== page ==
A septic tank is a watertight chamber made of concrete, fibreglass, PVC or plastic, through which domestic sewage flows for primary treatment. This process primarily breaks down solid waste. Septic systems are one kind of onsite sewage facility or OSSF, and are often used in areas that are not connected to a city or town sewer system like many areas of Citrus County.
Most tanks are between 1,000 and 2,000 gallons. One pipe is connected to a wastewater pipe that comes from your home or facility while the other to a septic drain field. Everything is connected with a special type of pipe that allows liquid to enter and exit without disturbing anything on the surface.
The design of newer septic tanks usually includes two separate chambers, each equipped with a manhole cover, and separated by a dividing wall with an opening in the middle.
Septic Drain Field
The term “septic” refers to the type of environment that develops in the tank as the waste decomposes. Once the waste is treated by the septic tank, the remaining liquid is often disposed of in what is called a septic drain field which provides further treatment. (Pictured to the left)
How does a septic tank system work?
Wastewater enters the first chamber of the tank, allowing solids to settle and liquid to float. The settled solids naturally break down which reduces the volume of solid waste over time. The liquid component moves to the second chamber, where further settlement takes place. The excess liquid, now in a relatively clear condition, then drains into the septic drain field.
The remaining sewage is trapped and eliminated in the soil, through evaporation, and/or by uptake through the root system of plants. This is why the grass is often greener over a septic system and drain field.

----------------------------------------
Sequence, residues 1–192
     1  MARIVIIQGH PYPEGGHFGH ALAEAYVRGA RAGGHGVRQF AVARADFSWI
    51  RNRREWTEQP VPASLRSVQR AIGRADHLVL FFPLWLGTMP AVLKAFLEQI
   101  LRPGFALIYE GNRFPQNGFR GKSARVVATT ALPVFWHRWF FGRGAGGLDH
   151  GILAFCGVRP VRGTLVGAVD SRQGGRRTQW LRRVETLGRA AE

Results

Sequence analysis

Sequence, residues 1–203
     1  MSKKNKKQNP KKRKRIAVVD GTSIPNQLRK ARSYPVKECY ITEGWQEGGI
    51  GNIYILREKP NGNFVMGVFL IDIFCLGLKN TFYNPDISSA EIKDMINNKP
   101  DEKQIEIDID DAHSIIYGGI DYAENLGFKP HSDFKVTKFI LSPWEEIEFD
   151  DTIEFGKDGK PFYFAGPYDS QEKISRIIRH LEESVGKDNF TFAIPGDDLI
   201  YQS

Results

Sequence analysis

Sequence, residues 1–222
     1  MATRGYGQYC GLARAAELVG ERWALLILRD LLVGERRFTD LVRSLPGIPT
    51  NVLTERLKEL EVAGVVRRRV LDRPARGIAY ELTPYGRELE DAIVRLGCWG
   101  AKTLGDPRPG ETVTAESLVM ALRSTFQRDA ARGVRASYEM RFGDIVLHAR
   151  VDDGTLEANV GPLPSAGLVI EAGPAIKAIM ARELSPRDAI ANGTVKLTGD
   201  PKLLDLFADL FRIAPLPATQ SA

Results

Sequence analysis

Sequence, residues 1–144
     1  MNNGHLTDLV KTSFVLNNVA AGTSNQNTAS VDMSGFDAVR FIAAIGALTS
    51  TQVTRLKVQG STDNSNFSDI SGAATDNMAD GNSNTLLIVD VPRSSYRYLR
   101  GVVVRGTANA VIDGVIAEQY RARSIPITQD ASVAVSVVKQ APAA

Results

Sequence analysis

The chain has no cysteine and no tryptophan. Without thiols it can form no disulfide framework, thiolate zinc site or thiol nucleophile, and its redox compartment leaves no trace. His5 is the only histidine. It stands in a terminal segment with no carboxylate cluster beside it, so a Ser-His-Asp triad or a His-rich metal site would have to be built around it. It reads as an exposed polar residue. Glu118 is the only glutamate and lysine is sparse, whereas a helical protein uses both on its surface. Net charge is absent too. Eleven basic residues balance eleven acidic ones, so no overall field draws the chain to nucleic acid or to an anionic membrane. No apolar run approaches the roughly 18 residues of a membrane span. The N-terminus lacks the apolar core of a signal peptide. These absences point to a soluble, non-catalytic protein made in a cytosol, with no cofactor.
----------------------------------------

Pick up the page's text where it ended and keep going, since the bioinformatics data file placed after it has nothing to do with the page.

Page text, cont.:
Maintaining & Emptying Your Septic Tank
Although most of the waste naturally disposes. The waste that does not decompose must eventually be removed from the septic tank. This is where we come in!
Otherwise the septic tank fills up and undecomposed sewage leaks directly to the drainage field. Not only is this detrimental for the environment but it may clog the leach field piping, requiring expensive repairs.
A septic tank is emptied by a pump on a vacuum truck with a tank (pictured right). The frequency that the septic tank must be emptied depends on the volume of the tank, the temperature, and the amount the septic system is used.
For example, an older system with an undersize tank that is being used by a large family will require much more frequent pumping than a new system used by only a few people. One other benefit of getting your septic tank pumped frequently is that your tank will rapidly become more efficient when it is pumped.
About Brooks Septic
This is probably more than you cared to know about what happens after you flush. 🙂 If you are having trouble with your septic tank or think you might need a pump or repair, give us a call at (352) 464-0298. We’d be happy to check it out for you.
Brooks Septic is locally owned and operated by Citrus County natives. Although located in Inverness, FL, we service all of Citrus County and offer emergency 24 hour service as needed. We are licensed and insured, certified by Florida Department of Health, authorization number SA0061348.